Ferguson, the fourth overall pick in 2006, has no known injury issues. Not only did he play every game in 10 seasons -- 167 consecutive starts, including playoffs -- but he also never missed a practice and never appeared on an injury report.
In fact, Ferguson missed only one offensive snap in 10 years, and that was a trick play when the entire offensive line was removed.
Ferguson couldn't be reached for comment, but sources say he has decided to retire because he no longer feels he can play up to his usual standard. His performance slipped last season, fueling speculation about his future with the Jets.
With a $14.1 million cap charge for 2016, Ferguson was an obvious candidate for a pay cut. The Jets have less than $1 million in cap room and still hope to re-sign quarterback Ryan Fitzpatrick.
Ferguson was approached last week in the weight room by general manager Mike Maccagnan, who broached the possibility of a pay cut. The conversation was brief. The Jets and Ferguson's agent never engaged in formal discussions about reworking his contract, sources said. By then, Ferguson already was considering retirement, according to sources.
His departure frees up $9 million in cap room.
Ferguson's decision has nothing to do with the proposed pay cut, sources said. He was confident he could have found a starting job elsewhere and has compiled $67 million in career earnings, so it wasn't about the money, the sources said.
"He just felt it was time," one source said.
The Jets aren't blindsided by the decision either. They have already been working toward securing his replacement. The free-agent market for offensive tackles is thin, but they could make a trade or draft a left tackle in the first round with the 20th pick.
The biggest name on the trading block is the Denver Broncos' Ryan Clady, a former Pro Bowl player who missed last season with an ACL tear. Taylor Decker, Jason Spriggs and Germain Ifedi could be options at No. 20 in the draft.
Even though he never suffered an injury, Ferguson has expressed concern about his well-being after football. He made headlines in December when he spoke candidly about the leaguewide concussion issue, acknowledging it could affect how long he plays.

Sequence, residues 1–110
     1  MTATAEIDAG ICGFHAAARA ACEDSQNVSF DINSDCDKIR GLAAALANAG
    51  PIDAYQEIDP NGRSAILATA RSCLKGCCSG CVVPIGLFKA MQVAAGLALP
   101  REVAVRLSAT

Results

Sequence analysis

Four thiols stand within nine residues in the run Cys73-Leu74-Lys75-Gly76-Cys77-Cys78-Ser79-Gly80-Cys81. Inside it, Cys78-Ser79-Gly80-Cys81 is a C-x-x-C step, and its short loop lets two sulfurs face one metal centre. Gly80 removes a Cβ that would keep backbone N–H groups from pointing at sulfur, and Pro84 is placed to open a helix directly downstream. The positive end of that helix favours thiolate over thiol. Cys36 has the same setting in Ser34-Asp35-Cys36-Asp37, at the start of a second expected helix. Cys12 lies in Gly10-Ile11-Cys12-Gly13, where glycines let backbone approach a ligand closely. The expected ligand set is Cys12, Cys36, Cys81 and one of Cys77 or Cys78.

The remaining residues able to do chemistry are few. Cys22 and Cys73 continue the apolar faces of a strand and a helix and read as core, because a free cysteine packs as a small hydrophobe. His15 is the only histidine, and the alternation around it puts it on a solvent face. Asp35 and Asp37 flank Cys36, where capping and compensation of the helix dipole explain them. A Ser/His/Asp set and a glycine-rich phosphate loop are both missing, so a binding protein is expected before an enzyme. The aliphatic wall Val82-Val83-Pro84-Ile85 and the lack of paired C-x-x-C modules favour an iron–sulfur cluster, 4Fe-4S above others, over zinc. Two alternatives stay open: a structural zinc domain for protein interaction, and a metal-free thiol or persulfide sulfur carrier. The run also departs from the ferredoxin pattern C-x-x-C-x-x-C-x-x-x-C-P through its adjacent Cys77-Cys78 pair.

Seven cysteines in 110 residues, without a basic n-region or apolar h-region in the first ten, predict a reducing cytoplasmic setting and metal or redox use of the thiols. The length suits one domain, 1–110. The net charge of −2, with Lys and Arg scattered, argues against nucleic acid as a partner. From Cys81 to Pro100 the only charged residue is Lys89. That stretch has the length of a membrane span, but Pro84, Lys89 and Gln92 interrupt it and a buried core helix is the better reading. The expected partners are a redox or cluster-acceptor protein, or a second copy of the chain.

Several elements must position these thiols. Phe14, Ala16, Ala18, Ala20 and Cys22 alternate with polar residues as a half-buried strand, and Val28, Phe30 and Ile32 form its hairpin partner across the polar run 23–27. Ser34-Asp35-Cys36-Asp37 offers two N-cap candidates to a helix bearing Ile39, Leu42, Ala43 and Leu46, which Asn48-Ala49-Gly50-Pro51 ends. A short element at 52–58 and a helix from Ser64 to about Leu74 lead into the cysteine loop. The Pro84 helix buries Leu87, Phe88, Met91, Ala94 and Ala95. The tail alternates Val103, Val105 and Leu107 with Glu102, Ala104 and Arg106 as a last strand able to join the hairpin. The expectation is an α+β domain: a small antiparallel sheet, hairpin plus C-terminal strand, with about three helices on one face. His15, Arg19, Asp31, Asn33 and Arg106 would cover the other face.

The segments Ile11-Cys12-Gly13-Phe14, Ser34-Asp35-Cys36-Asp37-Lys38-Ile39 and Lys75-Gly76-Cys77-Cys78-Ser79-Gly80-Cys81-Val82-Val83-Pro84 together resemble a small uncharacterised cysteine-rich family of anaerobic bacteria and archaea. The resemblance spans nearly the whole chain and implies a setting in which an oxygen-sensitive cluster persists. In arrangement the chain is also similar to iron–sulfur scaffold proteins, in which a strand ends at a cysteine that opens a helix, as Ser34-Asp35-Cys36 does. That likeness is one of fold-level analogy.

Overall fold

After seeing the movie "Concussion," Ferguson wrote a piece for SI.com, saying he felt "betrayed" by NFL medical personnel who tried to downplay the long-term effects of concussions.
Referring to the premature retirement of former San Francisco 49ers linebacker Chris Borland, Ferguson wrote: "I thought perhaps he was acting very abruptly, but I now cannot fault him. If we know the risks, then why do we still play?"
Ferguson was a Pro Bowl selection from 2009 to 2011, when he was known as one of the best pass-protecting left tackles in the league. He recently received a lukewarm assessment from Jets coach Todd Bowles, who worked with Ferguson for the first time last year.
"He did some good things, and he did some not-so-good things," Bowles said at the owners meetings in March.
Asked if he expected Ferguson to play for the Jets in 2016, Bowles said, "Right now, he's on our team. We'll see how it goes."
Ferguson played more than 10,000 snaps in his career, missing only one -- the final play of the 2008 season. Then-coach Eric Mangini called a gadget play with skill-position players lining up as offensive linemen, with cornerback Darrelle Revis assuming Ferguson's left tackle spot.
"I count it as a blessing, and I don't take it for granted," Ferguson said last season, referring to his streak, adding, "I haven't had any major bang-ups. I mean, I've been banged up, but not to the point where I couldn't play. Stuff has happened, [but] nothing ever that bad."